Locals’ Recommendations | Visit Chiba | Latest update:2021/12/22
A time-honored family business located in Sawara’s Historical District, Abumo Seiyu has been producing sesame oil of exceptional quality for locals and tourists alike for over 370 years and 22 generations.
While technology has continued to advance, Abumo has been very adamant about preserving their method of oil extraction, known as tamashime, even going as far as using equipment that they have been operating with since the Taisho period (1912-1926). Compared to other methods, tamashime uses less pressure when compressing the seed, resulting in a product that is most similar to hand-pressed sesame oil and better maintains the original flavor of the sesame.
However, because tamashime is a very time- and labor-intensive process, this traditional technique has become incredibly rare, with only about 10 other businesses in the country still practicing it. Nevertheless, the current head of Abumo Seiyu declared without hesitation that they will continue making tamashime sesame oil with their utmost care so that everyone may experience the pure traditional flavors that can only be created from this priceless, age-old process.
Moreover, whereas most sesame oil manufacturers compress the seeds multiple times to extract as much oil as possible, reducing production costs but increasing the oil’s astringency, Abumo only uses the oil extracted from the first press, creating a product of the highest quality and purity.
Another hot product of Abumo is their ra-yu, or chili oil. Using their sesame oil as the base, they infuse it with eight different spices, creating a fragrant and spicy chili oil of a mesmerizing scarlet hue. Hand-wrapped in traditional washi paper, each with a different pattern, picking out your favorite is quite fun! Its adorable packaging and compact size also make it an ideal souvenir or a gift.
As a Chinese-American who uses sesame oil like my life depends on it and upon learning about how exceptional Abumo’s sesame and chili oil were and seeing my coworker swooning over it, I knew that I had to try it out for myself. Using local produced ingredients purchased at Mizu-no-Sato Sawara, an amalgamation of a roadside station and a riverside station that is perpetually bustling with locals, and Abumo’s sesame and chili oil, I procured up several of my favorite dishes.
First on the menu was mapo tofu (Sichuan Province), my all-time favorite childhood (and adulthood) dish. I must admit that I was a bit skeptical at first because mapo tofu uses a lot of strong flavors and Abumo’s sesame oil is relatively mellow compared to the normal store-bought sesame oil. However, I was pleasantly surprised. The lovely toasty aroma of the sesame still came through and the earthy flavor was by no means overpowered. Although the chili oil (along with most other Japanese chili oils) lacked the smokiness that most Chinese chili oils have, the spiciness was nevertheless still there.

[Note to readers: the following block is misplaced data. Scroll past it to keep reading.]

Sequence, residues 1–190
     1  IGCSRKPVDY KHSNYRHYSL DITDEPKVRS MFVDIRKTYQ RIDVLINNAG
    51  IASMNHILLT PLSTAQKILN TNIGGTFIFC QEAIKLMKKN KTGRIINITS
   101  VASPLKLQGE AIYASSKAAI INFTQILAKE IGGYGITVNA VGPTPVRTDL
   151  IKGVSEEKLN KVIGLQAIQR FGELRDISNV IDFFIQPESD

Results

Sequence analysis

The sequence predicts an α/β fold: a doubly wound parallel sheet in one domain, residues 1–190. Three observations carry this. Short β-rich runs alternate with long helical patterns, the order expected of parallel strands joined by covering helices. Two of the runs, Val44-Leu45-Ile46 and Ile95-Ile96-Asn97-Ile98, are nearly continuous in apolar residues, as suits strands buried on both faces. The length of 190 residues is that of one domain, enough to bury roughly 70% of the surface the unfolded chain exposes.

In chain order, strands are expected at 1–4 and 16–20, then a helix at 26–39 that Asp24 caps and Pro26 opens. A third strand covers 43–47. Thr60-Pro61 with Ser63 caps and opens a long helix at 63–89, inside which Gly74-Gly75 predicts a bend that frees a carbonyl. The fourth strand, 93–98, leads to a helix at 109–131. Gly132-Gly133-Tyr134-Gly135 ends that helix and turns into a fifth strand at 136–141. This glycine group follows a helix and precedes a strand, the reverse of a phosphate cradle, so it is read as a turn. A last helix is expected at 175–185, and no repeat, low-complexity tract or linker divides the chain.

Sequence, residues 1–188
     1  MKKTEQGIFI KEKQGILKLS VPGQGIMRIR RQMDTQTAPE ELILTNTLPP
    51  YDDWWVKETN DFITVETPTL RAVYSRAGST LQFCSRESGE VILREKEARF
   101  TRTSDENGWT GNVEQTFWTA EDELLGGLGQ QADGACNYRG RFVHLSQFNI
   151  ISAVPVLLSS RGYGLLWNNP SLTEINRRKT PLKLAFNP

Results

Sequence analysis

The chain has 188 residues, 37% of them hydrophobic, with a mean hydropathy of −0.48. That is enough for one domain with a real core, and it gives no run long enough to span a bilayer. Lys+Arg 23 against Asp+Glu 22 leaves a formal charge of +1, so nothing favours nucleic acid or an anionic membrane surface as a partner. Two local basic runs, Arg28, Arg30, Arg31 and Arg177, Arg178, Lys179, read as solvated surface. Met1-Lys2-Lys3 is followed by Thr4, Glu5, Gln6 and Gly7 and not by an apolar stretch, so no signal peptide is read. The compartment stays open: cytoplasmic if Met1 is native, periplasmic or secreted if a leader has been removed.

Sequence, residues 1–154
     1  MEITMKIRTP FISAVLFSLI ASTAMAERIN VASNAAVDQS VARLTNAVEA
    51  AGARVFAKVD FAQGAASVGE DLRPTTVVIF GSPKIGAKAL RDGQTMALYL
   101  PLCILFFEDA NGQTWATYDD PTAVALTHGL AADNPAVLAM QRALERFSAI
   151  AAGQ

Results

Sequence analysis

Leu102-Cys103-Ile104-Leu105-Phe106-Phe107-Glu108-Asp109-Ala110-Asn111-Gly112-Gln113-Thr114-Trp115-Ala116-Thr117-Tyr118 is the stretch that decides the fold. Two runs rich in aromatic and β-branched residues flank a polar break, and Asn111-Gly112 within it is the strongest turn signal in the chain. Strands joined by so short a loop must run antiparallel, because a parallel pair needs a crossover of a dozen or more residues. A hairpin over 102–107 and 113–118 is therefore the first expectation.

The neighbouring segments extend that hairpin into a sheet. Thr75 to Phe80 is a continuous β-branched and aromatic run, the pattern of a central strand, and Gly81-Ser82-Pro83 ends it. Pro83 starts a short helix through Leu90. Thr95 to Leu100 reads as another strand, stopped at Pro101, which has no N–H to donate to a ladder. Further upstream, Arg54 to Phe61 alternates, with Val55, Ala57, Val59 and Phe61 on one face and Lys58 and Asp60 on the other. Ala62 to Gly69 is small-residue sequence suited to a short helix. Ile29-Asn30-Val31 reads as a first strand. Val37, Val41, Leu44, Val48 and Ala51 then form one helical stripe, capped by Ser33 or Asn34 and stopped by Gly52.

Next was fengwei eggplant (Shandong Province). As a dish that uses more mild condiments, the flavor of the sesame oil was naturally more prominent than in the mapo tofu, yet not overbearing, like other sesame oils can be. It was a perfect balance. It was sublime. The aromatic nuttiness and the rich sesame flavor were provocative, coaxing me into taking one bite after another until there was nothing left. Lamenting its evanescence, I made more.
Perhaps the most classic use for chili oil in Japan is in a dipping sauce for gyoza (Japanese dumplings), so I naturally had to try it out, and let me tell you, adding even just a little bit of this chili oil will elevate your dipping sauce from mundane to heavenly. This wasn’t the set-your-mouth-on-fire kind of spicy, but rather, a pleasant spicy that brings waves of piquant zings to your taste buds with every bite.
Although I have not tried it, I believe that Abumo Seiyu’s sesame and chili oil could make even a piece of cardboard taste good. But regardless of whether you’re a Michelin star chef or someone who tends to burn everything, be sure to add (Abumo Seiyu’s) oil when cooking! (“加油,” which literally translates to “add oil” in Chinese, roughly means “do your best.”)
I 3398 Sawara, Katori City
(A 12-minute walk from Sawara Station on the JR Narita Line)
I 3981-2 Sawara, Katori City
(By car: 4.5km from the Sawara-Katori IC.
By train: A 18-minute walk from Sawara Station on the JR Narita Line.)
+81-478-50-1183 (Roadside Station) +81-478-52-1138(Riverside Station)